It’s enforcement services unit can attempt to have determinations of the Labour Court or EAT enforced through the Courts. (However you might be better off engaging the services of a solicitor and pursuing this yourself as it is likely to be quicker.)
|Adoptive Leave Acts, 1995-2005||Rights Commissioner||6 months||DecisionDirection20 weeks compensation||Employment Appeals Tribunal|
|Carer’s Leave Act, 2001||Rights Commissioner||6 months||DecisionGrant of Leave26 weeks compensation||Employment Appeals Tribunal|
|Civil proceedings||Civil Courts||6 years||DamagesInjunction|
|Data Protection Acts, 1988 & 2003||Data protection commissioner||Na||Enforcement noticeProhibition noticePenalties||Circuit CourtHigh Court|
|Employment equality acts, 1998-2007||Equality tribunal||6 months||Equal payArrears of remunerationUp to 2 years compensation||Labour Court|
|Equal Status Acts, 2000-2004||Equality tribunal||6 months||DecisionCompensation up to €6,349An order||Circuit Court|
|European Communities (protection of employment) regulations, SI 488/2000||Rights commissioner||6 months||DecisionCompensation up to 4 weeks remuneration||EAT|
|European Communities (protection of employees of transfer of undertakings) SI 131/2003||Rights commissioner||6 months||DecisionCompensation up to 4 weeks remuneration (breach of regulation 8)||EATCompensation if breach of any regulation other than 8|
|Industrial Relations Acts, 1946-2004||Rights commissionerLabour Court||RemunerationRecommendationDetermination||Labour Court|
|Maternity Protection Acts, 1994-2004||Rights commissioner||6 months||DecisionDirectionsGrant leaveCompensation up to 20 weeks’ pay||EAT|
|Minimum Notice and terms of employment acts, 1973-2001||Employment appeals tribunal||6 months||Up to 8 weeks’ pay compensation||High Court on a point of law only|
|National Minimum Wages Act, 2000||Rights commissioner||6 months||DecisionArrearsReasonable expensesEmployer to remedy breach||Labour court|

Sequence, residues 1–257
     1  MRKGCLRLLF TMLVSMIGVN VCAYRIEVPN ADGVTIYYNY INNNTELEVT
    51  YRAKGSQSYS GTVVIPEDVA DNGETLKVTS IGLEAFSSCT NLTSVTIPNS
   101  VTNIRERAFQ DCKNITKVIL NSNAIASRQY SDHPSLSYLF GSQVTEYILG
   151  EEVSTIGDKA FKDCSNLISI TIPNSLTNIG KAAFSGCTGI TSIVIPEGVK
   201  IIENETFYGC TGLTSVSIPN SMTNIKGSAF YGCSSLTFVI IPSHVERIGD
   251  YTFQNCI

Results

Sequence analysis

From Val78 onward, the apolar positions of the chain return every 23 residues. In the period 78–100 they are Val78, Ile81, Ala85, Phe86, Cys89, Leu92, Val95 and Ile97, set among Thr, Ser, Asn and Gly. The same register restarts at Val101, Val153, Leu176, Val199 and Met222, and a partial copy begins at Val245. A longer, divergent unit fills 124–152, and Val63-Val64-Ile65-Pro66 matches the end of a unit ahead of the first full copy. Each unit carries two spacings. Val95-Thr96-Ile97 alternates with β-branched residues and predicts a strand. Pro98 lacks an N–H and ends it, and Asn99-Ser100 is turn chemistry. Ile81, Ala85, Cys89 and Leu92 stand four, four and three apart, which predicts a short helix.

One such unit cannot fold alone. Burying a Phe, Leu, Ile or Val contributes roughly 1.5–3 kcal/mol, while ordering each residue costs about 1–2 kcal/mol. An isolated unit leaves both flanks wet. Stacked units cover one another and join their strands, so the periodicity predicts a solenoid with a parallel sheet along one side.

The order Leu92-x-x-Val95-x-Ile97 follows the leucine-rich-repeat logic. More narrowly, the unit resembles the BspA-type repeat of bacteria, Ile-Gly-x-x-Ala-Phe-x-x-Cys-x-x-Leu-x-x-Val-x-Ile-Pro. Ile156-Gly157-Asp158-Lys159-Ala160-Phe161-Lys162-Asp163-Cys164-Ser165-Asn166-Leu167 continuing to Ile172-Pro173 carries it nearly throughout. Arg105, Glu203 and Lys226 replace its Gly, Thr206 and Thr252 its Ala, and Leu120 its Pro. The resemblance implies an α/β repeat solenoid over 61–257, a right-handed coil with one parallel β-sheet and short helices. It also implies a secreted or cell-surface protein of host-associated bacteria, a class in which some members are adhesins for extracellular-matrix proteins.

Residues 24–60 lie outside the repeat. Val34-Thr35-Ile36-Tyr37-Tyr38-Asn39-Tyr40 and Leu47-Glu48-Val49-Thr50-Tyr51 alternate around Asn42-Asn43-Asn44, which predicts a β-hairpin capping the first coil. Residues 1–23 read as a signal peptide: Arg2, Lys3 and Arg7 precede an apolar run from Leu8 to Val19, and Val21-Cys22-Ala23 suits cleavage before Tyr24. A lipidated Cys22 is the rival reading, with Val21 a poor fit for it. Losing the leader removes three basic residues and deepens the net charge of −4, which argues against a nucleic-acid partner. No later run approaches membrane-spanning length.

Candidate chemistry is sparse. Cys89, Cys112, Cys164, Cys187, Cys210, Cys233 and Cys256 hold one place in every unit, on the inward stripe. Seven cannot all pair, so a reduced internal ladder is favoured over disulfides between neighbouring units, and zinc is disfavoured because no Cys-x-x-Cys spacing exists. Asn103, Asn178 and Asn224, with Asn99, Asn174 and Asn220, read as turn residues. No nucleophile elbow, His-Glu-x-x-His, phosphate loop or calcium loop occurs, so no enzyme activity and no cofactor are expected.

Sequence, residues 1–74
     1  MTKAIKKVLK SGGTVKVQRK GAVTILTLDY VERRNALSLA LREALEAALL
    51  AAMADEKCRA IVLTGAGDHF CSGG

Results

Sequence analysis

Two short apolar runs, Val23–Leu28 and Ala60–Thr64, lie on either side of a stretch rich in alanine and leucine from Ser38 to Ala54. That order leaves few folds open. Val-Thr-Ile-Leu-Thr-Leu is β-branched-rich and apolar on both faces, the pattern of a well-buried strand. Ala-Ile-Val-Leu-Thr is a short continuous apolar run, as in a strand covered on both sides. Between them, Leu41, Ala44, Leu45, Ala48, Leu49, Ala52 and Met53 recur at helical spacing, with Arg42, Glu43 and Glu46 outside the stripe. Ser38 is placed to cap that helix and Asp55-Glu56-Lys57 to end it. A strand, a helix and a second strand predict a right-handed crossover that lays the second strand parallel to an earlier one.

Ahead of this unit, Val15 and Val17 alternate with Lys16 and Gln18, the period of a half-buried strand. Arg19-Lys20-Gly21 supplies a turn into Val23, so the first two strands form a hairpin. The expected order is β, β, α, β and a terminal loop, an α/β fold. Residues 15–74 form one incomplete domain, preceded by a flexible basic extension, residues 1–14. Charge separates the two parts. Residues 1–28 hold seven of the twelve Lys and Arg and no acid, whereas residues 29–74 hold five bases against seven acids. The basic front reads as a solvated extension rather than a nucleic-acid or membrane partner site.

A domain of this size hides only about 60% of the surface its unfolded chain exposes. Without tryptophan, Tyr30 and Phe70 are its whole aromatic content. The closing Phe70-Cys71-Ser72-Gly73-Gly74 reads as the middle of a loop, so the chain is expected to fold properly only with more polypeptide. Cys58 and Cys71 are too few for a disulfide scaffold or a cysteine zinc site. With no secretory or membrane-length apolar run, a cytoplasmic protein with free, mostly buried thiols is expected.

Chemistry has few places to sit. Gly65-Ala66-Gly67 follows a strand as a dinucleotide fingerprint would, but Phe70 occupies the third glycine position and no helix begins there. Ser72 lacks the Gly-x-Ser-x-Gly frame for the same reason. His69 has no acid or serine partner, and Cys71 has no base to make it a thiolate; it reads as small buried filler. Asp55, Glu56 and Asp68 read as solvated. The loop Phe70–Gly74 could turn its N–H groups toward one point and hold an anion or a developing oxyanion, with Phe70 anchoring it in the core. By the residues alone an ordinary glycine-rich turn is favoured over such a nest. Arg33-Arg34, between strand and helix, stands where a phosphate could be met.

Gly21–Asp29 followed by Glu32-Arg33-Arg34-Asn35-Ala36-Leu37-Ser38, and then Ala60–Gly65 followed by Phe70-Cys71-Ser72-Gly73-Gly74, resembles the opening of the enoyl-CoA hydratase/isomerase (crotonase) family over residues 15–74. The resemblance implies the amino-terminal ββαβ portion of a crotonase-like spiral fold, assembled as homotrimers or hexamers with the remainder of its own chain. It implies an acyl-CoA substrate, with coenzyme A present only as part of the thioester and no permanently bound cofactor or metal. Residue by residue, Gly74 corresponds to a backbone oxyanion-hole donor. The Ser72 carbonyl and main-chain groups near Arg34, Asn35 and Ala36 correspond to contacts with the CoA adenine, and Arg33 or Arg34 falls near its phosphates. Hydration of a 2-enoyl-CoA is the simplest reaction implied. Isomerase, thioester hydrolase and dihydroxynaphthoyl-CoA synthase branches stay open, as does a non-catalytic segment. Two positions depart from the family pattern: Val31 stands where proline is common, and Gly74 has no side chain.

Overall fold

|Organisation of Working Time Act, 1997||Rights commissioner||6 months||DecisionCompensation up to 2 years remuneration||Labour court|
|Parental Leave Acts, 1998-2006||Rights commissioner||6 months||DecisionGrant of leaveCompensation up to 20 weeks’ remuneration||EAT|
|Payment of Wages act, 1991||Rights commissioner||6 months||DecisionCompensation up to 2 years remuneration||EAT|
|Protection of Employment Acts 1977-2007||Rights commissioner||6 months||DecisionCompensation up to 2 years remuneration||Labour Court|
|Protection of Employees (fixed term work) act, 2003||Rights commissioner||6 months||DecisionReinstatement/re-engagementCompensation up to 2 years compensation||Labour Court|
|Protection of Employees (employers’ insolvency) act 1984-2004||Employment appeals tribunal||6 weeks||Declaration that Minister is to make payment and specify amount||High court|
|Protection of young persons (employment) act, 1996||Rights commissioner||6 months||RecommendationCompensation as is equitable||Eat|
|Redundancy Payments Acts, 1967-2007||Employment appeals tribunal||6 months||Determination as to entitlement to lump sumEntitlement to rebates||High court on a point of law|
|Safety, Health and welfare at work act, 2005||Health and safety authority||Na||Improvement noticeProhibition noticeDirection re improvement plan||District court|
|Terms of employment (information) act, 1994 and 2001||Rights commissioner||6 months||Recommendation to correct statementCompensation up to 4 weeks remuneration||Eat|
|Unfair dismissal acts, 1977-2007||Rights commissionerEatCircuit courtHigh court||Six months||Recommendation from rights commissionerEat may award reinstatement, re-engagement or compensation of up to 2 years remunerationCircuit court may award damages for wrongful dismissal||EatCircuit court|
NOTE: most decisions can be appealed to the High Court on a point of law only.